Ópera y Teatro musical

The Devil’s Advocate

Ditlev Rindom
martes, 31 de diciembre de 2013
0,0003488

Why do we stage operatic works from the past? The most immediate answer might be because they continue to generate new meanings for modern audiences, who bring their own 'horizon of expectations' to bear upon the operas of yesterday. Rather than being a repository of fixed, timeless meaning, an operatic work embraces a variety of interpretations which reflect the changing relationship between object and observer. A different answer could be out of sheer historical curiosity: to discover why certain pieces exerted such fascination for previous audiences and to reflect, in a self-conscious fashion, upon how popular tastes and expectations have changed over time. We might wonder, however, whether these two positions can be reconciled and if we can honour the different tastes of a bygone era yet still entertain and engage the paying consumers of today. Even if we choose to settle for an homage to the past, though, how can we do so without being restricted by the material resources of the present – and overcome our own horizon of expectations which has elicited our curiosity in a particular fragment of the past?

All of these questions come to mind when watching the recent film of Robert le Diable from the Royal Opera House. Recorded at live performances in December 2012, it marks the first time Meyerbeer's grand opera has been revived there in over a century but amazingly represents the 65th presentation since 1840. Laurent Pelly's technicolor production received generally poor reviews at the premiere but it embodies a number of conundrums which hang around the whole enterprise: whether to entertain or to educate; whether to update or to aim for historical accuracy; and whether Meyerbeer is still viable spectacle in the 21st century. Pelly has achieved particular success as a director of comic works and in his staging of Donizetti's La Fille du Régiment he managed to revitalise potentially staid opéra-comique conventions through satire - thus acknowledging their lack of meaning for a modern audience whilst generating comedy through exaggeration. In Robert le Diable he enters more difficult territory, because despite its original intention for the opéra-comique, it has come down to future generations as the ultimate grand-opera, whose stage innovations and tragic grandeur moved audiences at the premiere to paroxysms of emotion. Meyerbeer's decline in popularity may stem partially from an anti-Semitic slur campaign, but it also reflects a suspicion towards overt vocal display and a scepticism about the power of Meyerbeer's once overwhelming effects to impress. Wagner quipped that these were effects without causes: but gas lighting and trap doors have long failed to surprise audiences and few top-class singers are prepared to commit months mastering a technically challenging role which they are unlikely to repeat. How can a modern production recreate that sense of wonder, and should it even try? What opera house today could afford the lavish budgets or endless rehearsal time that characterised Paris in the 1830s?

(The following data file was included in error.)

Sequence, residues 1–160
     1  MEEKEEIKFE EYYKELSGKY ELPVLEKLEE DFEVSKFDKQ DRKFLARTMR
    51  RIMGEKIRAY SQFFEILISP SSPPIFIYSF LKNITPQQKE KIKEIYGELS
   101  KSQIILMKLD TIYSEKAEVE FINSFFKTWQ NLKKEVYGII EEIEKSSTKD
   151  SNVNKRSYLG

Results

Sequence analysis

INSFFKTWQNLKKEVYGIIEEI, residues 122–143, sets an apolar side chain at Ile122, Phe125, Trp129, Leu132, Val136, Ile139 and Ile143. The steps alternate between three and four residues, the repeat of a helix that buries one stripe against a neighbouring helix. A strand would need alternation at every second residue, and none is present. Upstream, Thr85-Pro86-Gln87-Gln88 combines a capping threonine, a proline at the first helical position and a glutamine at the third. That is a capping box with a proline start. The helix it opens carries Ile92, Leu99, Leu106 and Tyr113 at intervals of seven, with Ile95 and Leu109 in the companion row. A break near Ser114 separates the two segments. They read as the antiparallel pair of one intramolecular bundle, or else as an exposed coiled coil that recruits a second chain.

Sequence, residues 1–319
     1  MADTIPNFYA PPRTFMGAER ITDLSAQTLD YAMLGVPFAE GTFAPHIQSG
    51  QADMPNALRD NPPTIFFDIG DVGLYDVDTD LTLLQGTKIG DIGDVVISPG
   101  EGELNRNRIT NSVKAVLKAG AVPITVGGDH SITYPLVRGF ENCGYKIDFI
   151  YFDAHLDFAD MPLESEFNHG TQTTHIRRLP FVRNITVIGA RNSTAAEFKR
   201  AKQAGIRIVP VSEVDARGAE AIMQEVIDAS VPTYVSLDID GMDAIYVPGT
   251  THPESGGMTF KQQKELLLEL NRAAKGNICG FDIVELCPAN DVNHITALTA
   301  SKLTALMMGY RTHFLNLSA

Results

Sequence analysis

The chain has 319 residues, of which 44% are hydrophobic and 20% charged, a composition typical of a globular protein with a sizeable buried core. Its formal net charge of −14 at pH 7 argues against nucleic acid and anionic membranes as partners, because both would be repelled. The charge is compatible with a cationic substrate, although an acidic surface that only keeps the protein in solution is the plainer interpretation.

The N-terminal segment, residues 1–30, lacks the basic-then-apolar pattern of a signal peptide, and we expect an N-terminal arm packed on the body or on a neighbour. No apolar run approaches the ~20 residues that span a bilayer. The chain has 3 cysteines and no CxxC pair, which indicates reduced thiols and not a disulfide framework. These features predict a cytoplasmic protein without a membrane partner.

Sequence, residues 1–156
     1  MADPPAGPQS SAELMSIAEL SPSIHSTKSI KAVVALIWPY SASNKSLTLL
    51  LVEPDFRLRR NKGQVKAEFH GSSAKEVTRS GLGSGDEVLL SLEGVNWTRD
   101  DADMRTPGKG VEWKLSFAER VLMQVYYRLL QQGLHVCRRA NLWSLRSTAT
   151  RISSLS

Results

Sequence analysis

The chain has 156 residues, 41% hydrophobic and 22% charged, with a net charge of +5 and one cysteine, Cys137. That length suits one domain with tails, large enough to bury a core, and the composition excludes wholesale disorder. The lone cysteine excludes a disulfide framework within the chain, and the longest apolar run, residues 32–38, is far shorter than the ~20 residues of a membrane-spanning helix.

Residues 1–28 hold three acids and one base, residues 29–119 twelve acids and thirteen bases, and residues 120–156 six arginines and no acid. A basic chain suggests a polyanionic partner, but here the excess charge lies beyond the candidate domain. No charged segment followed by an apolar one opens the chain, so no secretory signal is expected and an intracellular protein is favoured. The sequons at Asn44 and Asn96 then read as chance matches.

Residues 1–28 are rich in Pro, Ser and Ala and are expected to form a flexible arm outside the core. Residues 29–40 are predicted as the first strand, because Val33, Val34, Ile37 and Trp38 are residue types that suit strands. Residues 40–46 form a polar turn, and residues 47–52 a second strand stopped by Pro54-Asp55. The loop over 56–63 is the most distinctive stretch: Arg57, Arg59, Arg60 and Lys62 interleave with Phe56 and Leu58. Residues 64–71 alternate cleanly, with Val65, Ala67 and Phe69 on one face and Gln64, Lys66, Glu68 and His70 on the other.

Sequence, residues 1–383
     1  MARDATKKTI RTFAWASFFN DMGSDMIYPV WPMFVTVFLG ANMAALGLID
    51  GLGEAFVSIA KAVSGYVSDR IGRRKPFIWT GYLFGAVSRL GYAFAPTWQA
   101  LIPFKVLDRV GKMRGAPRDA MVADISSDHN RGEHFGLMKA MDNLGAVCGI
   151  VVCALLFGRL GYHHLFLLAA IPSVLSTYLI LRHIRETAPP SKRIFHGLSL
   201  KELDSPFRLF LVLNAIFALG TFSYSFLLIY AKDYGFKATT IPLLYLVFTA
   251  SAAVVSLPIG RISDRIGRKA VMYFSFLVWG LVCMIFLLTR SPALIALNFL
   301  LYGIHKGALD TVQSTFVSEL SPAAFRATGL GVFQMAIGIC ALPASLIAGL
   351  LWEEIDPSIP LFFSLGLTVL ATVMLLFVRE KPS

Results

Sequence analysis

Pelly's staging is caught between parody and a sincere attempt to refresh Robert le Diable's drama for the postmodern generation. Significantly cut, the production plays the opera's musical highlight - Isabelle's Act Four aria - relatively straight, but elsewhere the mise-en-scene displays a lack of conviction in basic elements of the genre. Choreographed choral movements accompany lilting music in Act Two, adding a note of irony to Isabelle's innocent expression of excitement. The day-glo colour scheme and model castle remind us that the librettist's vision of medieval Sicily is a gothic fantasy, but it replaces dark corridors and ominous doorways with a light-filled parade that defuses any sense of horror. The famous ballet is presented conservatively in a classical manner and falls flat: neither ghostly nor erotic but merely dull, and therefore serves to vindicate the director's more outlandish touches elsewhere. The most startling directorial decision is the arrival of Alice on a chariot for the final trio, in which she competes with Bertram for her brother's eternal soul. Pelly's comic battle is an atheist’s vision, painting cosmic justice as a childish delusion which should elicit laughter rather than pity and fear. Bertram's exit across stage holding a suitcase reminds us that such battles will continue to be played out, but it also encourages the audience to observe the marriage of Isabelle and Robert with wry detachment. Their triumph is an illusion and their beliefs are naive hopes which we, the spectators, have long outgrown.